But Taiwan is not following suit. Despite campaign promises to move Taiwan away from nuclear power, the newly re-elected President Ma Ying-jou has vowed to go forward with the opening of a contentious fourth nuclear power plant.

Taiwanese anti-nuclear activists are crying foul, saying that more than feeling betrayed by Ma, they believe the Longmen plant is simply not safe. It puts the general population at great risk, they say, and could lead to further nuclear investments on this earthquake- and tsunami-prone island.

In the run up to January’s presidential poll, and in the wake of Fukushima, Ma said all the right things to an electorate that had grown disenchanted with the benefits of cheap nuclear power for a resource-strapped country that imports 99 percent of its energy needs. (Keep reading......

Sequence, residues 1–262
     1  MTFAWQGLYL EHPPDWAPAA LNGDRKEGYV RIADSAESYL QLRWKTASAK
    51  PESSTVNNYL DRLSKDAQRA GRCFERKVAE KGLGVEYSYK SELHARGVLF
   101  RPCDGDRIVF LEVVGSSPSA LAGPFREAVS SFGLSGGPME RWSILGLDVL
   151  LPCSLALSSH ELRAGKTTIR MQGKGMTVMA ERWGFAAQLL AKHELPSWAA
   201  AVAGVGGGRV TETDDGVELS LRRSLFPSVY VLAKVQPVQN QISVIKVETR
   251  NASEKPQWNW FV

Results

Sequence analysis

Anti nuclear protests Taiwan

 Gongliao # 4 Nuclear Power Plant

The [nuclear ] plant is only 8 kilometers away from watershed of Feitsui Resevoir, the major source of drinking water for Taipei residents.
About 7 million people could die as a result of a nuclear disaster at the plant
the plant ‘s safety has been constantly questioned by domestic nuclear experts…  Like Japan, Taiwan is also prone to  massive earthquakes.....

 The View from Taiwan: Nuclear Round Up

 Nuclear Power Emerges as Election Issue

Although the presidential race has mostly been about pocketbook concerns and, to a lesser extent, Taiwan’s relationship with China, the leading challenger has made the elimination of Taiwan’s reliance on nuclear energy a central plank of her campaign. Pollsters and analysts say that the challenger, Tsai Ing-wen of the Democratic Progressive Party, has a good chance of unseating the incumbent, Ma Ying-jeou, whose party has long been a reliable backer of nuclear energy.